Berenson says that this whole incident has been investigated twice by Michigan police–last summer and last November–and, according to Berenson, both times the police indicated that the matter would be dropped.
"[Fox] is a victim of being a player on a high-profile school," says Berenson, adding, "this is not the Chris Fox we know."
Back to the game at hand.
The Nanooks may play better on the second night of their trip, but don’t expect a miracle.
PICK: Michigan 6-2
Bowling Green (4-17-2, 2-11-2 CCHA) at Ohio State (11-10-1, 8-9-0 CCHA) Sunday, 3 p.m., Ohio Expo Center (Fairgrounds), Columbus, OH
The Buckeyes are basking in the afterglow of their third four-point weekend of the season, having beaten Lake Superior 7-0 and Ferris State 5-3, both games in the tiny rink the OSU players like to call The War Memorial.
With the wins and the 12 goals last weekend, the Buckeyes have once again turned a scoring corner, now outscoring league opponents 57-51.
Credit sophomore forward Hugo Boisvert with helping Ohio State regain the upper hand in scoring over league opponents. Boisvert had five goals and an assist last weekend, scoring his first collegiate hat trick in the Ferris State game, and earning CCHA Offensive Player of the Week honors.
With 12 goals and 13 assists, Boisvert is one of three CCHA players with 25 points in league play–and Boisvert insists he’s not a goal-scorer. Boisvert’s linemate Eric Meloche has 10 goals and eight assists in league play, while linemate Jean-Francois Dufour has six goals and eight assists in league play.
That line alone is responsible for 28 of the Buckeyes’ 57 league goals–just shy of half of Ohio State’s scoring in CCHA play.
It’s not unusual for any team–even the Buckeyes–to have a few players who can score, but this season, that first line is getting help from a strong second line, led by junior Chris Richards (6-13–19) and Dan Cousineau (3-7–10).
With a goal and nine assists, freshman defender Andre Signoretti has also hit the ten-mark in scoring. Signoretti tends to be paired with senior defenseman Ryan Root in regular shifts and on the power play. Root has four goals and four assists.
With all this offense and as many wins so far this season as the Buckeyes saw in all of last season, you might expect a giddy feeling in that War Memorial.
Not so. Head coach John Markell says, "I want them to stay focused." In eighth place, the Buckeyes know they’re just four points out of third place in the CCHA, but, says Markell, they also know they’re three points out of ninth.
Bowling Green has been playing much more strongly in front of rookie netminder Shawn Timm, who, with a record of 1-5-1, is allowing 3.38 goals per game with a save percentage hovering around .890.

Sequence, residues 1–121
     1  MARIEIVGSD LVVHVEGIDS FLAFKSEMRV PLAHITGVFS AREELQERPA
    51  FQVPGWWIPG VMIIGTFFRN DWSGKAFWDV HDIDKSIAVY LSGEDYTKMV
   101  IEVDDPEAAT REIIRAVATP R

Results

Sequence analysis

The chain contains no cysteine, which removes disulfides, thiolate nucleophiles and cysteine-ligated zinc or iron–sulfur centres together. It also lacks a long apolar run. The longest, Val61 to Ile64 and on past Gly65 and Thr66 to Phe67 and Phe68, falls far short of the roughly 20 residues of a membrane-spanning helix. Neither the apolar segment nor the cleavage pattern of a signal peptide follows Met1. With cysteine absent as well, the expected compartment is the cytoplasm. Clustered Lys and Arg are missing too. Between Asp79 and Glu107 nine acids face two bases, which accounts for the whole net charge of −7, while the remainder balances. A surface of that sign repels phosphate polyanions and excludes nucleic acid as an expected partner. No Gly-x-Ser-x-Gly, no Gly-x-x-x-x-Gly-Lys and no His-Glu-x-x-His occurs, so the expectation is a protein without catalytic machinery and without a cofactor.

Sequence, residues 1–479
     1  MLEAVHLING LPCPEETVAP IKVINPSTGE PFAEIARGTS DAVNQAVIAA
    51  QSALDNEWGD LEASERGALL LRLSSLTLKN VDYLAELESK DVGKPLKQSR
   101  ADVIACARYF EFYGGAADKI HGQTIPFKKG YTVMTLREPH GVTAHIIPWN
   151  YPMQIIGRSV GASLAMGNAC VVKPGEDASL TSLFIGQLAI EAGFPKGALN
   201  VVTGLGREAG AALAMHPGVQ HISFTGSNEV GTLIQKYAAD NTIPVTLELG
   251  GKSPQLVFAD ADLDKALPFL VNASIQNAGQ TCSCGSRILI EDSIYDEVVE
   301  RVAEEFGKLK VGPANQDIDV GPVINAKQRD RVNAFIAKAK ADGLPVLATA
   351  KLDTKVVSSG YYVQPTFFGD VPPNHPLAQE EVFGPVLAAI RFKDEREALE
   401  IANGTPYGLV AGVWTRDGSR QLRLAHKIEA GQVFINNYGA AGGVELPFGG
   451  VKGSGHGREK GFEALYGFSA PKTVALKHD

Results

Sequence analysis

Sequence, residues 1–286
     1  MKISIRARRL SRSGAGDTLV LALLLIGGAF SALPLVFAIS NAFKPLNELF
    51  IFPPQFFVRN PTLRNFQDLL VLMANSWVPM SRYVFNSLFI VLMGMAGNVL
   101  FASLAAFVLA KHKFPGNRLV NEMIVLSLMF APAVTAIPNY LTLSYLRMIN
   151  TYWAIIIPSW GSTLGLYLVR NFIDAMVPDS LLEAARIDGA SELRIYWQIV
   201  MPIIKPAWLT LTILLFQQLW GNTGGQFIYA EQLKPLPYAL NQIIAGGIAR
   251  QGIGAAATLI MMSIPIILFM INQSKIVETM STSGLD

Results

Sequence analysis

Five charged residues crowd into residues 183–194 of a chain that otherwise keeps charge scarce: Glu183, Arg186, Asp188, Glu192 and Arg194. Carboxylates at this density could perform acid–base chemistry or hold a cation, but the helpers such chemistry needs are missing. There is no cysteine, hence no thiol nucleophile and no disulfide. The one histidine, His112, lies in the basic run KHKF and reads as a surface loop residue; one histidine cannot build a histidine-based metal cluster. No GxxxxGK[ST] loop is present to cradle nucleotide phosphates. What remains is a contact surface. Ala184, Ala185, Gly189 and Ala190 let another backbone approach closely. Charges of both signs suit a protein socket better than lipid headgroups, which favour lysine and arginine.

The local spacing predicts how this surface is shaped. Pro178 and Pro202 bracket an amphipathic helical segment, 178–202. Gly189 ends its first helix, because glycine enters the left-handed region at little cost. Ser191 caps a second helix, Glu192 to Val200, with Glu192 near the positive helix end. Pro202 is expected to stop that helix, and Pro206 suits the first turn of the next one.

Bowling Green’s problem is overcoming a dismal start to this season that coach Buddy Powers has dubbed "The Murphy’s Law Season." Lead scorer Dan Price was suspended indefinitely when he entered a plea of no contest to vehicular manslaughter charges.
Aside from Price, only two other Falcons have shown offensive promise this season. Adam Edinger has four goals and seven assists in league play. Curtis Valentine leads the team in goals with five.
"If you watch their scores, they’re competing very well against every hockey club they’re playing," says Markell. "We’re taking them seriously. Bowling Green is a team that can jump up and catch you."
This is the second meeting between these two teams this season. The first game was a 5-4 come- from-behind win for Ohio State, the first night during which that first line–responsible for all five goals–really showed what it’s capable of doing.
Jeff Maund is having an outstanding rookie season for the Buckeyes in net. Maund is keeping some pretty good company among CCHA goaltenders, with a record of 8-5-0 in league play, a GAA of 2.74, and a save percentage of .908. For the record, his save percentage equals Chad Alban’s save percentage.
Maund is mostly relaxed and unflappable in net, although he can give up some soft goals. He gave up two soft goals to Ferris State’s Kenzie Homer last weekend, and he gave up two soft goals to Bowling Green when the teams met in November.
He’s still a solid advantage in net.
Another advantage for the Buckeyes is the bigger ice surface of the Ohio Expo Center (formerly the Fairgrounds Colosseum). This fast-skating team has room to move on the larger surface, but the cavernous Expo Center–better suited to horse shows than hockey–swallows noise. What the Bucks gain on the ice they lose in atmosphere.
If the Buckeyes stay focused and play the game capable of playing, and if Hugo Boisvert and Chris Richards are in their groove, Ohio State should beat Bowling Green.
PICK: Ohio State 4-1